Recent search privacy concerns have run rampant in the United States, as dominant search companies like Google and Microsoft become further associated with the PRISM scandal. While every tech company initially named as participants in the government program has actively denied its involvement, web users have begun to abandon familiar sites for alternative media hubs. In search, consumers have used engines like StartPage, Ixquick and DuckDuckGo more frequently than ever before. If this trend continues, brands may find their web content drives additional traffic from new referral sources.
According to a StartPage news release, the search engine by the same name and its counterpart Ixquick have surpassed 3 million daily searches for the first time in their relatively short histories. On Wednesday, June 12, 2013, the two sites hit 3.4 million direct searches. The company’s meta-search engine Ixquick.com doesn’t include Google search results, and the engine was launched to give users online content in a more private setting.
“People are outraged over secret U.S. surveillance programs and they’re looking for safe, effective search alternatives,” Ixquick CEO Robert Beens said. “We’re excited at this growth and we welcome our newest users with open arms.”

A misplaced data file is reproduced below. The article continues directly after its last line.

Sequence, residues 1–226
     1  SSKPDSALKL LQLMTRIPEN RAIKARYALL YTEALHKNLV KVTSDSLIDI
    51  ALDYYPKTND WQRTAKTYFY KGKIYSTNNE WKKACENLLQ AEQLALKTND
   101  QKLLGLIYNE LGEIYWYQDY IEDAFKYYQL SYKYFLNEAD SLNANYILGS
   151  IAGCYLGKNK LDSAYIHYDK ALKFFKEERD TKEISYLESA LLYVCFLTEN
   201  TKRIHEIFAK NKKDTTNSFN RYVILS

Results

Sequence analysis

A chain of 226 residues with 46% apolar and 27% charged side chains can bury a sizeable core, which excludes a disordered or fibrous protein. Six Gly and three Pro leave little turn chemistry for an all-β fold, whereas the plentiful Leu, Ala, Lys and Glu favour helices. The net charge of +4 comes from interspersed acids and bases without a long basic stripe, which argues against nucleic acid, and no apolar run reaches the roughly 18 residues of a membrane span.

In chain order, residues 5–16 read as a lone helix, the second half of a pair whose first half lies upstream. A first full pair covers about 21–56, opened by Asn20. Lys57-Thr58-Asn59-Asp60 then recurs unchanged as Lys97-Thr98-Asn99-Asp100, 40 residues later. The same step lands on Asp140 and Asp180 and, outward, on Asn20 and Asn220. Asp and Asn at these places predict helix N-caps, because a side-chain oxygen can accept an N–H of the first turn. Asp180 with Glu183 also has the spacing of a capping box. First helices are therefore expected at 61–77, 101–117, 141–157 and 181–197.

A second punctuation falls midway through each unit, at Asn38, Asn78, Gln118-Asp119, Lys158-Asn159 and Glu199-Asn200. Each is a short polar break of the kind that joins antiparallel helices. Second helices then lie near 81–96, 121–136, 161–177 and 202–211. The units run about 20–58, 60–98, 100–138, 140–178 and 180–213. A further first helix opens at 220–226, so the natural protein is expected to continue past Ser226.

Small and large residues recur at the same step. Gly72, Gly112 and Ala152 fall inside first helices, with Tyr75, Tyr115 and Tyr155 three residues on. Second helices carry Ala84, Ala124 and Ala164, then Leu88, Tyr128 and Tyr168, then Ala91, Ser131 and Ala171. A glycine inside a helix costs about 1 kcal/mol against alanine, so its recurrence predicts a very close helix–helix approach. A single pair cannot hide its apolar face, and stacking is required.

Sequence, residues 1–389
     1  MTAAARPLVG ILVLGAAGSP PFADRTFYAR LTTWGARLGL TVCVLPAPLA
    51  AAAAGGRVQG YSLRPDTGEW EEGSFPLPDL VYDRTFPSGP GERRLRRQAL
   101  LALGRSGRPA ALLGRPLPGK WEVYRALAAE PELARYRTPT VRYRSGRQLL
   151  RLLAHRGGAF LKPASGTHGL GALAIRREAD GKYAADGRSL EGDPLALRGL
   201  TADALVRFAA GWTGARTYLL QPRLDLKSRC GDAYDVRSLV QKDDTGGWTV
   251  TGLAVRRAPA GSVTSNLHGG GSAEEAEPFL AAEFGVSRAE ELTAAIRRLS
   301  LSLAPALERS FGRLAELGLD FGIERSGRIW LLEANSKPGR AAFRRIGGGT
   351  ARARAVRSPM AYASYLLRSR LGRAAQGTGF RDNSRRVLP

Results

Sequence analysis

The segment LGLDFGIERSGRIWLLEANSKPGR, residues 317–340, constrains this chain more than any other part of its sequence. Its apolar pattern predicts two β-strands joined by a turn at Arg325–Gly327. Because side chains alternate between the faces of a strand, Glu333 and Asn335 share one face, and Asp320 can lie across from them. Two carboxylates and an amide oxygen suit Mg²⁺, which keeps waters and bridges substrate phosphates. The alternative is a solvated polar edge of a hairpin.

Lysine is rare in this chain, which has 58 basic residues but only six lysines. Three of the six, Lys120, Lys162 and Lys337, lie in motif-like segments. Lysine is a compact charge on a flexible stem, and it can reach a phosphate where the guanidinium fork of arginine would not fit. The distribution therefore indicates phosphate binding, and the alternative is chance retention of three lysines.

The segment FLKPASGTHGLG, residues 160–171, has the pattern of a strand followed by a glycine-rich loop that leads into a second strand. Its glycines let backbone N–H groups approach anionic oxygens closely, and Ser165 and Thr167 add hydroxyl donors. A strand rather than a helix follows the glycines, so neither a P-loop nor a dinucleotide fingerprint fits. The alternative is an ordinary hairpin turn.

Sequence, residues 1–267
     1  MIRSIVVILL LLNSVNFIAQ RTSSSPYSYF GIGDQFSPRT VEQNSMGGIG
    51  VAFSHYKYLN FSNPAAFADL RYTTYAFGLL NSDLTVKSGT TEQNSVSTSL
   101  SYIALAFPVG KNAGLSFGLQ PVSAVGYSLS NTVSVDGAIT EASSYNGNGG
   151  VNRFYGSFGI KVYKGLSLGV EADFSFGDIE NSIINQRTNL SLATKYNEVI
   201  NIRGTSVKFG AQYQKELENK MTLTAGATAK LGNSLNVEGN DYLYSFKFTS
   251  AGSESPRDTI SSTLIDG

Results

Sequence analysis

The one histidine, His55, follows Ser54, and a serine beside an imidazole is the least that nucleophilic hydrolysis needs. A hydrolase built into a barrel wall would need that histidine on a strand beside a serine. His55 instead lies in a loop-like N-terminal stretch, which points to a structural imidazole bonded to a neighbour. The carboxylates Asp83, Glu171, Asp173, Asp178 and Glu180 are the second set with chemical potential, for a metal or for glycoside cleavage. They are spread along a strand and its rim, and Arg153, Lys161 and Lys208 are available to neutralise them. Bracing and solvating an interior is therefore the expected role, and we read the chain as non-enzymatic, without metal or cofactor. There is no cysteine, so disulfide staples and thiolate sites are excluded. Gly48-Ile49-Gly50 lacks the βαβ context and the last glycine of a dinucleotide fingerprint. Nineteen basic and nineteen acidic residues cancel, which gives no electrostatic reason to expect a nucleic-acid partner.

Another alternative search engine – DuckDuckGo – also focuses on privacy and recently announced it hit a new milestone – 2 million searches in one day. More, DuckDuckGo has hit this record high in consecutive days, perhaps a side effect of PRISM phobia.
Of course, marketers shouldn’t look at these evolutions in search as indicative of an overarching transition in consumer behavior. But the events do prove Americans’ unwillingness to forfeit private data for national security and other purposes, which will keep brands honest online. To keep the web a transparent place, companies must build welcoming websites that promise safety and offer unique insights in the form of custom content. Businesses that build and maintain trust with prospects will see their customer bases remain loyal, even if the rest of the web unfolds in mayhem.